These firms’ robust competitive advantages and global presence facilitate high margins, capital returns, and ongoing innovation. Although Amazon’s margins differ, its focus on new services and categories sustains growth.

Evaluating Tesla’s Position

Does Tesla align with the financial characteristics of its elite peers?

Presently, Tesla, primarily a car manufacturer, derives nearly 94% of its revenue from vehicle sales. The auto industry’s capital intensity and cyclicality render it less enticing compared to other sectors, projecting modest annual growth over the next decade.

Despite initial optimism for tech-like margins in the auto sector, Tesla’s operating margins have dwindled amid industry slowdowns and price wars. Its recent tactical price reductions aim to bolster market share, indicating the cutthroat nature of the auto market. Tesla’s U.S. market share of 4.2% pales in comparison to leading industry players with more than 9.8% market share.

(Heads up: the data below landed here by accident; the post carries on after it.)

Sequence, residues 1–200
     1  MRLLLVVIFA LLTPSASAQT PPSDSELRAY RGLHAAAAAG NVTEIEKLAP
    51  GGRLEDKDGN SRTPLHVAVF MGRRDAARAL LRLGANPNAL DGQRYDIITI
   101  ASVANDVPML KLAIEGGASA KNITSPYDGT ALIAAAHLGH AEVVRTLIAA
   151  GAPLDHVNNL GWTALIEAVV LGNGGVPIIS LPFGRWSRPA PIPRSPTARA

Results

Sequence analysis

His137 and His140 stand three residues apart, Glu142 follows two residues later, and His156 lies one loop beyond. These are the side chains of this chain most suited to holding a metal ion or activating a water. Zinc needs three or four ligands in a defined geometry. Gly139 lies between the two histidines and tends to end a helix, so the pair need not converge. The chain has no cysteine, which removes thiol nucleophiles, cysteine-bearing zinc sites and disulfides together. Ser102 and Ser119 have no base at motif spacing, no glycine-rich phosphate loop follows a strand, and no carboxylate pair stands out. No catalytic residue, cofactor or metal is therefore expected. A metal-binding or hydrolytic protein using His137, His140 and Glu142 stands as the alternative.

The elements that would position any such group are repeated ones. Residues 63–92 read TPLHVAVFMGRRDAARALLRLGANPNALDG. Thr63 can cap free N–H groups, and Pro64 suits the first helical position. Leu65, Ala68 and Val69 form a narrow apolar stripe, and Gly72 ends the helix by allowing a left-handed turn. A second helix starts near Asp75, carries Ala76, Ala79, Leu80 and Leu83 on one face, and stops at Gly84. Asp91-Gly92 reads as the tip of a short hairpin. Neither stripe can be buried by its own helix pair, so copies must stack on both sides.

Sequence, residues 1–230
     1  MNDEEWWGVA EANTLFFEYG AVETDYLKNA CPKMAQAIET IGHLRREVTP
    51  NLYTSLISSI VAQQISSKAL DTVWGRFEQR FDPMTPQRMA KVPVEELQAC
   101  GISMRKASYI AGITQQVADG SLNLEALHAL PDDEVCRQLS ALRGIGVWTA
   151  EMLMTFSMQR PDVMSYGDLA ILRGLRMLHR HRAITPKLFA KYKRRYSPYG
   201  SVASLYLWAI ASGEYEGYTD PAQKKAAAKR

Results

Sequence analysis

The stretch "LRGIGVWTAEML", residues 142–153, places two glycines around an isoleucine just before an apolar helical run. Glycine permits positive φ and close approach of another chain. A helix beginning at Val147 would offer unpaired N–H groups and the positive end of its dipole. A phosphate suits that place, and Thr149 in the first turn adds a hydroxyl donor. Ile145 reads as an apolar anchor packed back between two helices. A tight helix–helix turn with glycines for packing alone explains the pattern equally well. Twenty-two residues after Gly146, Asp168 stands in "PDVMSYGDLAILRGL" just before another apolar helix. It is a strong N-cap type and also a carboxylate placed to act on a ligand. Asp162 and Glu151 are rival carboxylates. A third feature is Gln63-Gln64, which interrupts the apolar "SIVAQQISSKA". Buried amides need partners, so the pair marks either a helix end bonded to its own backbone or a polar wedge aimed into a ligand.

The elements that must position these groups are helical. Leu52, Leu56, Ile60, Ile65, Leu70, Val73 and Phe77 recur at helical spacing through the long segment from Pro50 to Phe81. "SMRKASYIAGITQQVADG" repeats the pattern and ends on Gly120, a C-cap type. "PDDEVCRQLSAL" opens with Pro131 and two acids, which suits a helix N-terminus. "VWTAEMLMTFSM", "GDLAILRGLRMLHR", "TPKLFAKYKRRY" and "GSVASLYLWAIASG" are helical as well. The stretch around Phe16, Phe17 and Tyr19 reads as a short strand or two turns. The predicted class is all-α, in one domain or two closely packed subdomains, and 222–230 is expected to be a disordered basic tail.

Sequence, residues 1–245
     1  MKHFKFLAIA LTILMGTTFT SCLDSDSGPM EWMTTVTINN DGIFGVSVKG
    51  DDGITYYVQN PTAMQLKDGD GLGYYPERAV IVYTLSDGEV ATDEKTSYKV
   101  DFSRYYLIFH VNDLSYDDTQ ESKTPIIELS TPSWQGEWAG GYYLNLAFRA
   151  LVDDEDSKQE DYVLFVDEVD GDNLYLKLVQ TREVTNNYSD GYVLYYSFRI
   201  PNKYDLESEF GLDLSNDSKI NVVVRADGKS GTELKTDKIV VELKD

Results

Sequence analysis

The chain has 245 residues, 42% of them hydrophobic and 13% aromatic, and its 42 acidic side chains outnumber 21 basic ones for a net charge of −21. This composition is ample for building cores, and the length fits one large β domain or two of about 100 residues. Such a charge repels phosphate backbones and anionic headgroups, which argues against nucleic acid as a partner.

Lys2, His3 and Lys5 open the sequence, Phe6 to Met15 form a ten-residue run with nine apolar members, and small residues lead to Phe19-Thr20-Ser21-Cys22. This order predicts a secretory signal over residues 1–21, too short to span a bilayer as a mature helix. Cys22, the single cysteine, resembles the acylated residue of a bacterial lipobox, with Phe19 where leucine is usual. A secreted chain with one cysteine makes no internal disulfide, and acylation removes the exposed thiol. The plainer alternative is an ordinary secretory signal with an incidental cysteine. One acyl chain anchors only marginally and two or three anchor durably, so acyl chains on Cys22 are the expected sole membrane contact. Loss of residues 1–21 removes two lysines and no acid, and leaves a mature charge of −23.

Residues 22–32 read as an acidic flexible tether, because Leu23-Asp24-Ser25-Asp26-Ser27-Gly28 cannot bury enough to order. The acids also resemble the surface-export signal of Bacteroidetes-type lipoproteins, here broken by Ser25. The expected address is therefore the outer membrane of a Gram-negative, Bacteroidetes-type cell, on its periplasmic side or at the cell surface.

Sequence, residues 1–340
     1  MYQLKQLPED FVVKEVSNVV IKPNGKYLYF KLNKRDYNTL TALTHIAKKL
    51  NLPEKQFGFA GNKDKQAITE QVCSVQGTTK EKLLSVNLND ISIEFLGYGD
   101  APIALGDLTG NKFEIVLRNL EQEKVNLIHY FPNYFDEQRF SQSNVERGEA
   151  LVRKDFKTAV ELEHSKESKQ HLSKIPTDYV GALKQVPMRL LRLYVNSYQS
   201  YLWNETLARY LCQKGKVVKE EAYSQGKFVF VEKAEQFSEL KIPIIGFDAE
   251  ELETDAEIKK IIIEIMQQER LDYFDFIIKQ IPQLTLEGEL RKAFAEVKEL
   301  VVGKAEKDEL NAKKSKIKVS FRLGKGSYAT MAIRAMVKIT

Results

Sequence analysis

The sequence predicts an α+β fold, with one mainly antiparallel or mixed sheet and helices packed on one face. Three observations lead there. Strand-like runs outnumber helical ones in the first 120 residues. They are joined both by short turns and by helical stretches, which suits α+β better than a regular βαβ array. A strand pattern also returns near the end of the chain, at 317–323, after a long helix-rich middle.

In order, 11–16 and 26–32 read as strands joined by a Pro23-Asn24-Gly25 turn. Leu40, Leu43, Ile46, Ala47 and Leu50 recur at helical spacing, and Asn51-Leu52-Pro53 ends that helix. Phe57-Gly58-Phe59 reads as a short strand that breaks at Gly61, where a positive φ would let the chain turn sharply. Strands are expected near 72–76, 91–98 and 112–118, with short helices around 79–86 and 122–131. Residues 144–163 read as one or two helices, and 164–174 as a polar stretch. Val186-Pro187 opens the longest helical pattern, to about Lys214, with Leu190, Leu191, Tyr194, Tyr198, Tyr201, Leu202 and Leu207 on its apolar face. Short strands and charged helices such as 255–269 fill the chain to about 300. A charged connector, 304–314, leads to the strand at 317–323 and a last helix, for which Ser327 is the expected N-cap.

Considering operating margins, market share, and industry dynamics, Tesla’s suitability for the Magnificent Seven appears tenuous.

Tesla cybertruck.

Image source: Tesla.

Potential for Tesla’s Restoration

Although Tesla currently falls short of its elite status, the future holds promise for its reinstatement. Success hinges on the pace of electric vehicle adoption versus traditional models, alongside the fend-off against hybrid and hydrogen alternatives.

While Tesla’s overall auto market share remains modest, its dominance in the electric vehicle sector—capturing 55% of the U.S. market last year—furnishes hope for a resurgence. As electric vehicles gain ground, Tesla could reclaim its foothold with improved operations and expanded market share.

Furthermore, ancillary products like superchargers offer avenues for recurring revenue growth. Breakthroughs in renewable energy, storage, or autonomous driving could further bolster Tesla’s trajectory.

Patient Optimism for Tesla’s Revival

While the road to redemption for Tesla is paved with uncertainties, the company’s strategic maneuvers and potential for innovation could mark a turnaround in its fortunes over time.

Tesla’s Road to the Future: A Bump in the Electric Highway?

Tesla’s Road to the Future: A Bumpy Ride in the Electric Highway?